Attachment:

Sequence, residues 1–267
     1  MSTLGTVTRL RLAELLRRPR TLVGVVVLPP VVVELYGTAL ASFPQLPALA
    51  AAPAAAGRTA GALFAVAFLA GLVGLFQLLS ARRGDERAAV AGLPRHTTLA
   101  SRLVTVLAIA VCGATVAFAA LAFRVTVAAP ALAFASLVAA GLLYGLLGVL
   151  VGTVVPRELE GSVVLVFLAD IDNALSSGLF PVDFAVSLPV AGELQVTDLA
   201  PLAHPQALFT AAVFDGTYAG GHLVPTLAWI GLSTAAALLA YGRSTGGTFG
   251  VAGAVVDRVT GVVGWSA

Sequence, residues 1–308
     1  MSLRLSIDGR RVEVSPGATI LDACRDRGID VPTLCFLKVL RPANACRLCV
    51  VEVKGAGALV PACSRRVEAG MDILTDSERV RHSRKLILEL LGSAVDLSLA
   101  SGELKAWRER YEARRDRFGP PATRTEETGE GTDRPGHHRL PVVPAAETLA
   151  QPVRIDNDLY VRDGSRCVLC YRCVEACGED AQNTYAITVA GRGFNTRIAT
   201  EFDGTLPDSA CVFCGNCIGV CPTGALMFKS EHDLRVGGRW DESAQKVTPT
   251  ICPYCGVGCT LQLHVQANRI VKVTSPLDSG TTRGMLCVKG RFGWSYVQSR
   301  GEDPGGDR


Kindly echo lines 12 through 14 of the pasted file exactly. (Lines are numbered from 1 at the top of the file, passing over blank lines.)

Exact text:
   151  QPVRIDNDLY VRDGSRCVLC YRCVEACGED AQNTYAITVA GRGFNTRIAT
   201  EFDGTLPDSA CVFCGNCIGV CPTGALMFKS EHDLRVGGRW DESAQKVTPT
   251  ICPYCGVGCT LQLHVQANRI VKVTSPLDSG TTRGMLCVKG RFGWSYVQSR